Review: Queen Victoria’s Children

First shown in January 2013, this three-part documentary series has recently been repeated and is currently available on BBC iPlayer at the time of writing.

This post reviews first episode, The Best Laid Plans…, which explored the relationship between Queen Victoria and Prince Albert, and how this in turn impacted upon their relationship with their children. The picture painted over the course of this documentary illustrates a complex dynamic of competing priorities and pressures, as well as a stark contract between the public image and the private reality.

Victoria’s devotion to Albert is normally remembered through her mourning of his death. However, this devotion was a marked feature of their married life. They shared a passionate relationship, which resulted in nine children over seventeen years. Yet this was not always a blissful and peaceful union. They had rows on a spectacular level, and Victoria’s temper was infamous in the Royal household. There is also a rather fraught power struggle within their marriage. Albert, as a man of his time, expected to be the patriarchal head of his household. Most men of his era would probably have taken this expectation for granted. The issue becomes rather more complicated when your wife is also your monarch. If Victoria were to say, order him from her sight, should he obey her as his Queen or rebuke her as a husband? Additionally, Victoria was initially reluctant to step back from any royal duties, yet the almost constant cycle of pregnancy and childbirth eventually left her with little option. This was tempestuous relationship which was exasperated by the expectations of the era, and the contrasting and unusual set-up which was their reality.

The documentary also explores the nature of Victoria and Albert’s relationship with their children. Again, it is suggested that Victoria’s adoration of Albert played a key role in her relationship with her children. For example, she desired that they be raised to be children in his image. They should have his character and his morals. Albert wanted the children to be role models to their subjects, and to the rest of Europe. The analysis of the relationship explores how these expectations and pressures influenced the children as they grew up.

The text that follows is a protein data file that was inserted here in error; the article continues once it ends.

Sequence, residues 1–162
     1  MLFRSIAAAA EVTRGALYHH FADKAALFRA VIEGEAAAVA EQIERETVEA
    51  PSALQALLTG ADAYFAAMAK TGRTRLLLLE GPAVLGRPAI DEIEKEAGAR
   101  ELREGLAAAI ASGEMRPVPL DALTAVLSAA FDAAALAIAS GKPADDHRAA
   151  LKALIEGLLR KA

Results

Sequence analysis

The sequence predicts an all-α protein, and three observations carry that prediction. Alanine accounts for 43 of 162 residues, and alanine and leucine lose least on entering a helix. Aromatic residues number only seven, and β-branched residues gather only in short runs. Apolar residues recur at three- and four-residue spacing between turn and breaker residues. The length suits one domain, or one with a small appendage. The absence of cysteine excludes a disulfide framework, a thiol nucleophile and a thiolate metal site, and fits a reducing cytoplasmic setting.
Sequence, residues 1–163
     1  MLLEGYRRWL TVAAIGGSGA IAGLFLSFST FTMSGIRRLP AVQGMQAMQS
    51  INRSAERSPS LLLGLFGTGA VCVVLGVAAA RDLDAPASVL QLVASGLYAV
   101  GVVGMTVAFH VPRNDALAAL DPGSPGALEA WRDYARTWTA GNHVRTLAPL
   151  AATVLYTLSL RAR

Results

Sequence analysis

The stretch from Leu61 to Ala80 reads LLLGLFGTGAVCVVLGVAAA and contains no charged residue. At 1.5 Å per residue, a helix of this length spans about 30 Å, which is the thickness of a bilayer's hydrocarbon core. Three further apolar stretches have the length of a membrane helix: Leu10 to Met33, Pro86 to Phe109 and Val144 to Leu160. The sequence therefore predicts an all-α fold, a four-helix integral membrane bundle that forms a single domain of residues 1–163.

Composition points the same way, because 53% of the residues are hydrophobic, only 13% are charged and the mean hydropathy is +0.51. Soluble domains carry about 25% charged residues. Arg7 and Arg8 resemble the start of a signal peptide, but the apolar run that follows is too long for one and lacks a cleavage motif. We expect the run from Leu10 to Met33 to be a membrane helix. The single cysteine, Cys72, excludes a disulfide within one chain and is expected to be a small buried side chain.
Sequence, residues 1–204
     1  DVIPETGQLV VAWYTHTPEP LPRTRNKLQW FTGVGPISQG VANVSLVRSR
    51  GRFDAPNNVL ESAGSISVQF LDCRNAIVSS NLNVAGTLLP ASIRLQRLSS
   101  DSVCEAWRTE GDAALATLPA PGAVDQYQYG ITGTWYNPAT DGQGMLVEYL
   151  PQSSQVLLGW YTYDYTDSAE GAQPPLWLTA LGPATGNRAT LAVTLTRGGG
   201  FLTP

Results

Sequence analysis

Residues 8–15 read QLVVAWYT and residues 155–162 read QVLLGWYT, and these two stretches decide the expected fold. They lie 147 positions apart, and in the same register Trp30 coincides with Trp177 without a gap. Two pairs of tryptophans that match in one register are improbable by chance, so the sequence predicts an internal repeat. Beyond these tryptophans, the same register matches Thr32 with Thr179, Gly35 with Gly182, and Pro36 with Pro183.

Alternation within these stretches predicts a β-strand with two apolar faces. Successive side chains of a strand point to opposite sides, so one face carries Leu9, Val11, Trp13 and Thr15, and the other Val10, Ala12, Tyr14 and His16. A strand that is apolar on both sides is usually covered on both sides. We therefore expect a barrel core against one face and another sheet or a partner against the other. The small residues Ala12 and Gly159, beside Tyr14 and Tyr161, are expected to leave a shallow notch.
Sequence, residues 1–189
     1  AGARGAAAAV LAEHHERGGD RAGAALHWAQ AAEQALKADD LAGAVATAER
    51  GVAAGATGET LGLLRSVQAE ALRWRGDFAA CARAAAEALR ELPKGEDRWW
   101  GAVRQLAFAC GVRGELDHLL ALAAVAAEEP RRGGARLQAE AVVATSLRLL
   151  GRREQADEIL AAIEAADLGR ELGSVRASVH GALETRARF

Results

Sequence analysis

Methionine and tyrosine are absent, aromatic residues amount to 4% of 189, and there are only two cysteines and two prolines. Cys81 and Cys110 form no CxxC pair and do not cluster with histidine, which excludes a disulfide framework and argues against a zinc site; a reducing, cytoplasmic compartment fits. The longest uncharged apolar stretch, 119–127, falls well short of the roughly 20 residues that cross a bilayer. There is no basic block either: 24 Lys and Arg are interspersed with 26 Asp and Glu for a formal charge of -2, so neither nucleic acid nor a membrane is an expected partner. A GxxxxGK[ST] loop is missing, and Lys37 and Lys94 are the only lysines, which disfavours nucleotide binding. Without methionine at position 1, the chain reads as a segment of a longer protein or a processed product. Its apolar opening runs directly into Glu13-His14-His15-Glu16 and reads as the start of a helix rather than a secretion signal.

Yet this familial relationship which, over the course of the documentary, is described as a ‘battlefield’ was presented to the British public as an ideal of domestic happiness. This was a conscious decision, which was carefully executed. In response to growing revolutionary sentiments in Europe, and unfavourable memories of the distant and dissolute Hanoverian monarchs at home, Victoria and Albert sought to create an image of the Royal family to which their subjects could relate. They sought to be the perfect family, which included some distinctly ‘middle class’ elements. It was thought that, in this way, they could garner and retain the support of their subjects. The documentary argues that there was a definite distinction between the public image and the private, personal reality for the entire family.

In conclusion, varied expert commentary and a coherent narrative structure make this a highly interesting and engaging documentary. Analysis is interspersed with familial anecdotes and illustrative reconstructions, which creates a sense of ‘pace’ and the content seems to unfold naturally. It does, at times, feel as though sympathy for the characters on this dynastic stage is lacking. However, this documentary provides a varied and detailed private history of a very public family and situates them in the wider contexts of social, political and gender history.


‘Queen Victoria’s Children’, BBC2,

‘Queen Victoria’s Children’, BBC Media Centre,

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